Practice and Procedure


PUBLISHED July 4, 2003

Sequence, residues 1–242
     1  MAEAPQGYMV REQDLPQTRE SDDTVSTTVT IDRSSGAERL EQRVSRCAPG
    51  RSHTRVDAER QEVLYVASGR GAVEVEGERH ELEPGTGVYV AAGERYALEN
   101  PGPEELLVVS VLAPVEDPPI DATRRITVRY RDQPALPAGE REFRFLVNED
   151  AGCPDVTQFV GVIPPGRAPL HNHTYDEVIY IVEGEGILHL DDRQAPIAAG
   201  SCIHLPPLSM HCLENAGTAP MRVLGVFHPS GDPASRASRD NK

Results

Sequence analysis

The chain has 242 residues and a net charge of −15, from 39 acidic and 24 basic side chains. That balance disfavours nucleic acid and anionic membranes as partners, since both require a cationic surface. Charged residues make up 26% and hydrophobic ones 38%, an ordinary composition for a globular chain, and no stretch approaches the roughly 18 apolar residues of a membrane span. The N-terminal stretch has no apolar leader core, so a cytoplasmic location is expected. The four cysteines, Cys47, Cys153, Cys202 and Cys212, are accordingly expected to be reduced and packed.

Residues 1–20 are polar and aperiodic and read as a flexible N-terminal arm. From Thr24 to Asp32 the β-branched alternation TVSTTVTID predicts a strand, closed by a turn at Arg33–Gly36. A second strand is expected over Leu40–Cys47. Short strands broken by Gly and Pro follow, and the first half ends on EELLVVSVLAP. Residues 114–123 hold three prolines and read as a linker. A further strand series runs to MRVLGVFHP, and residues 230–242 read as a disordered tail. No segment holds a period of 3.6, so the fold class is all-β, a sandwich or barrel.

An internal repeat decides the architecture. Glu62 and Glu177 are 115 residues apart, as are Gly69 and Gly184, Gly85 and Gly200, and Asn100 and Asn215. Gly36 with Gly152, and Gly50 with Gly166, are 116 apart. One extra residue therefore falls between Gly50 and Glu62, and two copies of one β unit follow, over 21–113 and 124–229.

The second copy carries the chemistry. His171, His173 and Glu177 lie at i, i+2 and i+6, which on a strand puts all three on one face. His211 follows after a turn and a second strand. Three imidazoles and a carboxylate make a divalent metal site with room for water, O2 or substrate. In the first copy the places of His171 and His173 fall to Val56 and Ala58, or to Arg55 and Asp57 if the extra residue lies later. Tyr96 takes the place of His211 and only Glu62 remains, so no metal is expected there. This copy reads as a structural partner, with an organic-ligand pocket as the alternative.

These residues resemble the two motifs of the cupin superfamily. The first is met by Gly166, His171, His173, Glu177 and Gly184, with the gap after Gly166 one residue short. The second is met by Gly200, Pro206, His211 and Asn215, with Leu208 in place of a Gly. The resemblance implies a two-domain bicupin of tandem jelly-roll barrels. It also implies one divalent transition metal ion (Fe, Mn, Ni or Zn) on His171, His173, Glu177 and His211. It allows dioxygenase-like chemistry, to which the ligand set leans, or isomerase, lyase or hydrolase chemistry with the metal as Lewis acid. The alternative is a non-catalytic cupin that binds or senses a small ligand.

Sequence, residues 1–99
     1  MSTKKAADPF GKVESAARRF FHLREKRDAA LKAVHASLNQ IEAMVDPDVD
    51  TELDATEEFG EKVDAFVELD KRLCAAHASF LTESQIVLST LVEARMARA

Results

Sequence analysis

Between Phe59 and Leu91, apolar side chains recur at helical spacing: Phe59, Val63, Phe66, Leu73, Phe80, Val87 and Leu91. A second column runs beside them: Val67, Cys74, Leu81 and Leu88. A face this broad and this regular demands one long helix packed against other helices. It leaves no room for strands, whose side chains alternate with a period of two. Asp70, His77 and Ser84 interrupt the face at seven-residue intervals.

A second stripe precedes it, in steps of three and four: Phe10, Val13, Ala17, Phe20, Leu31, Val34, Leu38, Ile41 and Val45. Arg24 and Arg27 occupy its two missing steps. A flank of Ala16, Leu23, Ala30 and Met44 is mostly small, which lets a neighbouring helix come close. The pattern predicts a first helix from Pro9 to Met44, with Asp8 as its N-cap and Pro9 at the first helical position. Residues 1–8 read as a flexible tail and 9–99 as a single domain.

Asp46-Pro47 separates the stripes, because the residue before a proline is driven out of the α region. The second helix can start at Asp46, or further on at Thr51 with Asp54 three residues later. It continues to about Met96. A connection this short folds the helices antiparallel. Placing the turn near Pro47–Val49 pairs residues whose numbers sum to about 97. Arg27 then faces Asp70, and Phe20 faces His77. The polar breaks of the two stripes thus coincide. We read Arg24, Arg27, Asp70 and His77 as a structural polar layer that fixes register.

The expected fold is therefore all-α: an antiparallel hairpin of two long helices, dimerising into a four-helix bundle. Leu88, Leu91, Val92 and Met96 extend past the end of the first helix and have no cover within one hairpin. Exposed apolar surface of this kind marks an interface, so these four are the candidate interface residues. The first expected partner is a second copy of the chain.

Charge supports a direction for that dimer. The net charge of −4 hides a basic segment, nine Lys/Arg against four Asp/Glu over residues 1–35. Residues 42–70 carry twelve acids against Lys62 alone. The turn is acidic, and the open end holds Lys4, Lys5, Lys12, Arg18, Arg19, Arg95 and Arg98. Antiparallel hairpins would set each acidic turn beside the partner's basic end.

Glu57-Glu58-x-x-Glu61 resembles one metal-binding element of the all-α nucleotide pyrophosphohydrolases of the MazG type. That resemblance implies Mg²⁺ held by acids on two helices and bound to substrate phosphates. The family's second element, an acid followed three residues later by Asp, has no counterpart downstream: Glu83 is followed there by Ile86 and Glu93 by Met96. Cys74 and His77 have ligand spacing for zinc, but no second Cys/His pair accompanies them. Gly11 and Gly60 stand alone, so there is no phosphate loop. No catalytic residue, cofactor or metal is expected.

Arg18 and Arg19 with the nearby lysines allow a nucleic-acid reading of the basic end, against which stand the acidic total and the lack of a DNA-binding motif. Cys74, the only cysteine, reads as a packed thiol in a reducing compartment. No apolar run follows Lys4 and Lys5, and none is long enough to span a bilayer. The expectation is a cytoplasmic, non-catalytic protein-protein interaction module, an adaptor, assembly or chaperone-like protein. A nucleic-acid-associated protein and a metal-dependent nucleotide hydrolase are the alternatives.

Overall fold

In a trial involving conspiracy to evade excise duty, whilst the summing up was poorly prepared and inadequate, the conviction was safe given the overwhelming evidence against the defendant.Appeal with leave of the full court against conviction for conspiracy to evade excise duty contrary to s.170(2) Customs and Excise Management Act 1979 at Lincoln Crown Court on 12 June 2001 before HH Judge Machin. The defendant ('H') was sentenced to four and a half years' imprisonment. H was tried with seven others; three pleaded guilty and four were acquitted. The offence involved a large scale fraud smuggling 136 million cigarettes from Europe avoiding the payment of excise duty and VAT. The cigarettes were imported in containers and trailers that contained a cover load and supporting paperwork. Customs and Excise identified 77 loads and estimated the loss of duty at ?70 million. Once in the UK the cigarettes were taken to locations to be sold for profit. In July 1998 H was stopped, by Customs and Excise, driving a lorry which contained 1.25 million cigarettes hidden in a cover load. H denied all knowledge of the cigarettes and said he had been instructed to get a loaded trailer from a man in a cafe on the M1 motorway. He was driving his own lorry and claimed to be working for a company who had never heard of him. H had made three earlier trips carrying identical loads in the ten days before the seizure. Customs and Excise alleged that once H was stopped his role in the conspiracy changed and he became an organiser and chaperone who supplied lorries and trailers to the co-accused and was involved between 31 March and 21 September 1999 in that capacity. In interviews H stated that he had simply been engaged in buying and selling lorries and trailers and was not part of any conspiracy. At trial the prosecution evidence was summarised in detailed schedules and charts. H gave evidence in accordance with what he said in interview. The trial lasted seven weeks and the summing up lasted two days. At the end of the first day the prosecution expressed concern about the directions given as the judge had not defined the offence faced by each defendant but had merely referred to the indictment and stated that what was alleged was that the defendants agreed to smuggle cigarettes to evade duty. The following day the judge elaborated. However, there was still concern and on the third day the prosecution produced a written direction, agreed by all, for the jury. H appealed conviction on the ground that the summing up was inadequate.HELD: (1) A jury should not be given directions on the law in an incremental way. The first direction by the judge was inadequate, the second was adequate but the direction, along the lines of the written direction provided by the prosecution, should have been given at the start. However, the jury could not be in any doubt regarding the elements of the offence. (2) There was a number of factual errors and omissions in the summing up which added to the picture of a poorly prepared summing up. However, most of the mistakes were corrected and none were damaging. The summing up did not put the prosecution or the defence case as clearly as it should have. (3) The question was whether the quality of the summing up cast doubt on the safety of the conviction. The evidence against H was overwhelming. His defence relied on coincidence upon coincidence making his story implausible. Therefore, despite the regrettable shortcoming of the summing up, the conviction was safe.Appeal dismissed.